View from the island

A storm cloud rolls southward across Black Bay with Turtle Head (Pie Island) seen on the horizon.

It seems like today we are offering small animal and bird rescue services, as a baby seagull and squirrel appeared to have become disorientated in the recent storms.

Feeding the small seagull a few cornflakes has energized our feathered friend to pay us back with some signature droppings on the dock.

The lighthouse operation has been busy this week with over 30 visitors coming to look around and learn more about the island and its habitat.

Porphyry Island Lighthouse is one of three lighthouses operated by the Canadian Lighthouses of Lake Superior, based in Thunder Bay.

The non-profit organization, now in its eighth year, serves to connect these government leased lighthouse sites for the public good.

Today the homesteads and outbuildings are no longer needed because of automation. Why not connect tourists with their need for places to visit while creating regional economic development?

Department of Fisheries and Oceans, Canada recently signed a deal with the Silver Islet Harbour Association for the group to take over the operation of the docks that have been there to serve the public since the late-1800s.

With the recent reopening of the Silver Islet General Store, people are now more than ever able to access the history of the area, including Trowbridge Lighthouse close to the toes of the Sleeping Giant.

In William S. Piper’s book, The Eagle of Thunder Cape, published in 1924 and now available at the Thunder Bay Museum Society gift shop, more details are coming out about Porphyry Island and the area.

The book gifted to our library shelf by Foster Gauley, speaks to times many years ago that brings to our minds-eye the opportunity to imagine what life might have been like for our First Nations family.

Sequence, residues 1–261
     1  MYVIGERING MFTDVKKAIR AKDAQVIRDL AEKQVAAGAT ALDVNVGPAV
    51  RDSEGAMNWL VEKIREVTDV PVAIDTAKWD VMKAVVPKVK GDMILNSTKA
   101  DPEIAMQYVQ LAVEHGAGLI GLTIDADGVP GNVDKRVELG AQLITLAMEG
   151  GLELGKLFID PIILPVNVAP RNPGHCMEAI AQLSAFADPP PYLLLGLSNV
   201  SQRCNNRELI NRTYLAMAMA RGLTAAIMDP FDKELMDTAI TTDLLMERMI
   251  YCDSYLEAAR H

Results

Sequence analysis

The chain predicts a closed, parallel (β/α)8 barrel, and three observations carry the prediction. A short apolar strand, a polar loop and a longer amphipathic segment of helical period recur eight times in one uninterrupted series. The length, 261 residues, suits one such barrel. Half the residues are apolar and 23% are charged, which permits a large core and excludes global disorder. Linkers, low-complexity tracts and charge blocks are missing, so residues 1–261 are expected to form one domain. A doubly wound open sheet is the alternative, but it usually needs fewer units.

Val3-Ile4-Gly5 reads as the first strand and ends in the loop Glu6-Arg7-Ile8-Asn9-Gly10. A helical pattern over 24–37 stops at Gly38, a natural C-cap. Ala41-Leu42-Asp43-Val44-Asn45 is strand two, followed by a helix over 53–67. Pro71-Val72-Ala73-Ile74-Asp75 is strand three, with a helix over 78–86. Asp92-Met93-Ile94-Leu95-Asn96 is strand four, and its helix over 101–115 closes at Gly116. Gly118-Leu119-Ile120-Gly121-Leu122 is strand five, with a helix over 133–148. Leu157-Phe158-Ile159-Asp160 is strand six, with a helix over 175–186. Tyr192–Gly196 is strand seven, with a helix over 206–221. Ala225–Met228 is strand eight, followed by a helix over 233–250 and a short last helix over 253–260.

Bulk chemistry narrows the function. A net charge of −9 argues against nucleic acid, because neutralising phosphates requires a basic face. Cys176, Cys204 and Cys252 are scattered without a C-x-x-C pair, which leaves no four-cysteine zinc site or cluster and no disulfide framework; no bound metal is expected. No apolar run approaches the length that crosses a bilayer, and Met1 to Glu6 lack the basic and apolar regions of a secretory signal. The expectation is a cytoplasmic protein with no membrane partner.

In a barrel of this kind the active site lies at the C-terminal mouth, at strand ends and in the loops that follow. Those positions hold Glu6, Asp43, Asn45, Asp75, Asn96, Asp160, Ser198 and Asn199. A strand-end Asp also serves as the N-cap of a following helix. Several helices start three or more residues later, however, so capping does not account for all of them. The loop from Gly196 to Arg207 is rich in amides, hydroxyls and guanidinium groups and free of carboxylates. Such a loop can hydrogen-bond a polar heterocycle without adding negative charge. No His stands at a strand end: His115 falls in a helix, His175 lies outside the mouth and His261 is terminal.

Imagine being battled everyday by the elements of sun, water, wind and waves? The strain light keepers must have felt, since 1873, making sure the shipping channels remained open and operational.

Our leisure fisherman brave the waters around these Superior islands to catch something for their table.

A few weeks ago in Black Bay in an annual occurrence, the water turned upside down with cold water coming to the surface while warmer water was sent to the depths below.

This causes the fish to migrate to the temperature that keep them happy but as the waters of Black Bay reaches 65 F. fisherman now can be seen beyond at Pt. Porphyry’s Reef in deeper and cooler waters more amenable to our finned friends.

Thanks to Archie’s Hoogsteen as we are fortunate enough to try out his catch occasionally with lake trout and salmon being served. This helps us as our food rations are starting to dwindle as the season winds down.

Paint pots and brushes are back out to dab worn spots on walkways, paths and steps all receiving the standard battleship grey, while whitewashing walls and painting the red trim helps freshen things up for next season.

The weather tonight is calm and the boats are settled in at the harbour. It’s a time to reflect on the past weeks, continue to digest the summer events, and start to plan for next year’s adventures.

See you in a week as we continue to uncover the history, the beauty and the area’s gems that many are just finding out about or some have already explored.

Paul Morralee is the managing director of the Canadian Lighthouses of Lake Superior. He’ll be sharing stories from Point Porphyry Island Light Station throughout the summer.